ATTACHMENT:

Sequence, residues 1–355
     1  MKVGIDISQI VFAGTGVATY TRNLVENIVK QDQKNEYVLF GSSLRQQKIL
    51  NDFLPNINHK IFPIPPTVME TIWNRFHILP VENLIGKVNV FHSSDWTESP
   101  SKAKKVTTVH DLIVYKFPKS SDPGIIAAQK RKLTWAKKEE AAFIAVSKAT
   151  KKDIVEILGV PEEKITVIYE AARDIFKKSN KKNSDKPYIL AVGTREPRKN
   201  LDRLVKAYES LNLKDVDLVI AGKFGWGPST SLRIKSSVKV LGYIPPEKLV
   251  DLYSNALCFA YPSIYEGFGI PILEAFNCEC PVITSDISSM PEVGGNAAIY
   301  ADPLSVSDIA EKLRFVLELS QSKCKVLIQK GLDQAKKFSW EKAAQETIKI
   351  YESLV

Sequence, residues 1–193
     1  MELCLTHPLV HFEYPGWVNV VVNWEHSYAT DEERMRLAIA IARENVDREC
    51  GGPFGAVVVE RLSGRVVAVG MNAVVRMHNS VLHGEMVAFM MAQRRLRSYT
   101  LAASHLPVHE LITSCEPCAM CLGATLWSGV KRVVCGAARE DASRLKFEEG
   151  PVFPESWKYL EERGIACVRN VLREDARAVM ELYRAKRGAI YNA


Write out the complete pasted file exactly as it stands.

Sequence, residues 1–355
     1  MKVGIDISQI VFAGTGVATY TRNLVENIVK QDQKNEYVLF GSSLRQQKIL
    51  NDFLPNINHK IFPIPPTVME TIWNRFHILP VENLIGKVNV FHSSDWTESP
   101  SKAKKVTTVH DLIVYKFPKS SDPGIIAAQK RKLTWAKKEE AAFIAVSKAT
   151  KKDIVEILGV PEEKITVIYE AARDIFKKSN KKNSDKPYIL AVGTREPRKN
   201  LDRLVKAYES LNLKDVDLVI AGKFGWGPST SLRIKSSVKV LGYIPPEKLV
   251  DLYSNALCFA YPSIYEGFGI PILEAFNCEC PVITSDISSM PEVGGNAAIY
   301  ADPLSVSDIA EKLRFVLELS QSKCKVLIQK GLDQAKKFSW EKAAQETIKI
   351  YESLV

Sequence, residues 1–193
     1  MELCLTHPLV HFEYPGWVNV VVNWEHSYAT DEERMRLAIA IARENVDREC
    51  GGPFGAVVVE RLSGRVVAVG MNAVVRMHNS VLHGEMVAFM MAQRRLRSYT
   101  LAASHLPVHE LITSCEPCAM CLGATLWSGV KRVVCGAARE DASRLKFEEG
   151  PVFPESWKYL EERGIACVRN VLREDARAVM ELYRAKRGAI YNA